ZJ: Your books abound in criticism and scholarly “attacks” on former historians. I take it to be a sign of a healthy intellectual atmosphere when scholars do it.
Let me invoke a few names: Hobsbawm, E.P. Thompson, Raymond Williams, Christopher Hill, Sidney Hook or Irving Howe in America, and many others. They all were on the Left, or they were the Old Left, and one can hardly imagine the history of intellectual life without them. Whatever scholarly disagreements you may have with them, methodological problems you find in their works, you cannot, I dare say, claim that they were scholarly incompetent. Can one say the same thing about the proponents of the new -studies? Leaving aside the problem of comprehensibility of what they write, do the new studies advance our knowledge of anything, the same way that the Old Left inspired you to attack?
JC: You are right to think that I had considerable respect for the figures you mention: it was possible to engage with their work, whether one agreed or disagreed. The contrast is considerable with a number or present-day schools, and scholars, for whom a private language defends their enforcement of values in ways not open to debate. The prevalence of such assumptions explains how easy it is for dissentient arguments and individuals to be excluded from universities today. I am concerned that such abuses will only provoke an equally extreme reaction in the opposite direction. But at present the natural stance of people of my persuasion is often indifference to that which cannot enter into debate.
ZJ: As far as I know, you had your intellectual heroes, so to say, or at least people who influenced you, whom you admire. Let me mention three names of people whom you knew personally, and for whom, as far as I know, you have intellectual respect: Peter Laslett, a Cambridge historian, author of the classic, The World We Have Lost; Edward Shils, America’s greatest sociologist, whom, if I am correct, you met as a student at Cambridge, where you studied; Leszek Kolakowski, who was your colleague and friend at All Souls College in Oxford, and François Furet, an eminent French historian of the French Revolution, who invited you as a Visiting Professor in the prestigious Committee on Social Thought, at the University of Chicago. Can you say a few words about the way in which they impacted you, and how influential you think their works are?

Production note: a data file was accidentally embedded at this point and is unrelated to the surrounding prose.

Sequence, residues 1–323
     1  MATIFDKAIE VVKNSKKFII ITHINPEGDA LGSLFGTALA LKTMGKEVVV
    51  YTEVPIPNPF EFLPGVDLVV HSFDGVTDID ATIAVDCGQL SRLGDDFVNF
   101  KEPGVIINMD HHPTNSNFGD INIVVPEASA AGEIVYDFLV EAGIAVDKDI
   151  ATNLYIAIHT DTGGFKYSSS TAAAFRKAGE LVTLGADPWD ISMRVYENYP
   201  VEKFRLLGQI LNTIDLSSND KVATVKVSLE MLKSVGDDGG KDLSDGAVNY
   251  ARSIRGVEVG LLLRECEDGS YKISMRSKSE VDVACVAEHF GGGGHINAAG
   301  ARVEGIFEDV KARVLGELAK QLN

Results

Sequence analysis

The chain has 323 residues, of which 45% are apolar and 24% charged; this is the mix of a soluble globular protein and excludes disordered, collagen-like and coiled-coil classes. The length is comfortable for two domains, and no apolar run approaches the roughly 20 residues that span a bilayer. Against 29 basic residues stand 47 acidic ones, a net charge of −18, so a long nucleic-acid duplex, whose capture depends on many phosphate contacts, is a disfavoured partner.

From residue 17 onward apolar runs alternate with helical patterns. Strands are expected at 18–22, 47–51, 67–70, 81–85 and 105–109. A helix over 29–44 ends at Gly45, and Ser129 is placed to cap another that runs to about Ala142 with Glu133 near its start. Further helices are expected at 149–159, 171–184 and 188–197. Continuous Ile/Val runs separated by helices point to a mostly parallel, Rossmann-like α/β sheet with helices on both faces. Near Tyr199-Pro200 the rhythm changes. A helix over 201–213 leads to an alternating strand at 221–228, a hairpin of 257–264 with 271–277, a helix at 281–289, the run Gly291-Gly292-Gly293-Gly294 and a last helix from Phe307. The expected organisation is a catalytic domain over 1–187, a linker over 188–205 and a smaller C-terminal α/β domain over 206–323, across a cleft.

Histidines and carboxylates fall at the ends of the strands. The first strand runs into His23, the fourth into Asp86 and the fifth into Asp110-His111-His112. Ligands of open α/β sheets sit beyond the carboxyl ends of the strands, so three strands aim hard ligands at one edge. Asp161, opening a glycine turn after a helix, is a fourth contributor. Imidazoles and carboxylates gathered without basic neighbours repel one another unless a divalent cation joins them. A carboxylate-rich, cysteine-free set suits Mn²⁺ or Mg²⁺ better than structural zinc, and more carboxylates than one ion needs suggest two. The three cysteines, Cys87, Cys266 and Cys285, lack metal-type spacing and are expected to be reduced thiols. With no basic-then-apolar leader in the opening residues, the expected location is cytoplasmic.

JC: The task of historians is to commune with the dead, and I do just that with these great men. When teaching courses on historical methodology to graduate students in the USA, I would distribute photographs and obituaries of these and other such greats (Butterfield, Elton) in the hope that my students would reflect on their work, and come (however distantly) to stand in the apostolic succession. Their effect on me was that of intellectual liberation; they did not ask me to follow their doctrine, but implicitly showed me how to escape the orthodoxies that were all around me when I was an undergraduate.
ZJ: You gained the reputation not only of being “an eminent English historian of English history,” but, if you don’t mind, “enfant terrible” of English history, which I take to be a high praise, and, given your contribution to the history of England, well deserved. Your English Society is a book that no scholar of English history can bypass.
JC: Historians are seldom good at reconstructing their own intellectual development, and I am sure that I would be well below average if I tried systematically to do so. As to the ‘enfant terrible’ phase, I can say that I came on the scene in the 1980s when modernism was breaking up, and its senior exponents found it convenient to blame others for this; it was easier, and safer, for them to revile their juniors than to understand what was happening. On reflection, there may have been other historians of my generation who were as infantile, or as terrible, but it would be ungenerous to name them. We all have our faults. At least I try not to criticize those who are junior to me in years, if I can possibly avoid it.
ZJ: In your works, you took on virtually every past historian of distinction: Anthony Arblaster, Harold Laski, R. H. Tawney, Christopher Hill, C. B. Macpherson, and E. P. Thompson, the author of a 100 page long “Open Letter to Leszek Kolakowski,” which occasioned the latter’s famous rejoinder, “My Correct Views on Everything,” in The Socialist Register in 1972.
Your Revolution and Rebellion was released in 1985, your opus magnum, English Society, in 1986, when—I want to emphasize—you were only in your mid-thirties. Was it just you (your historical ingenuity, so to speak), or your Cambridge education that made you into the historian you are now? What is your background, experiences, schools, and, most importantly, what motivated you to rewrite the history of English society in the 17th and 18th centuries? I am not a historian, but have heard from others that, controversial as your thesis is, no student of 17th- or 18th-centuries can by-pass it? You “derailed” English historiography, didn’t you?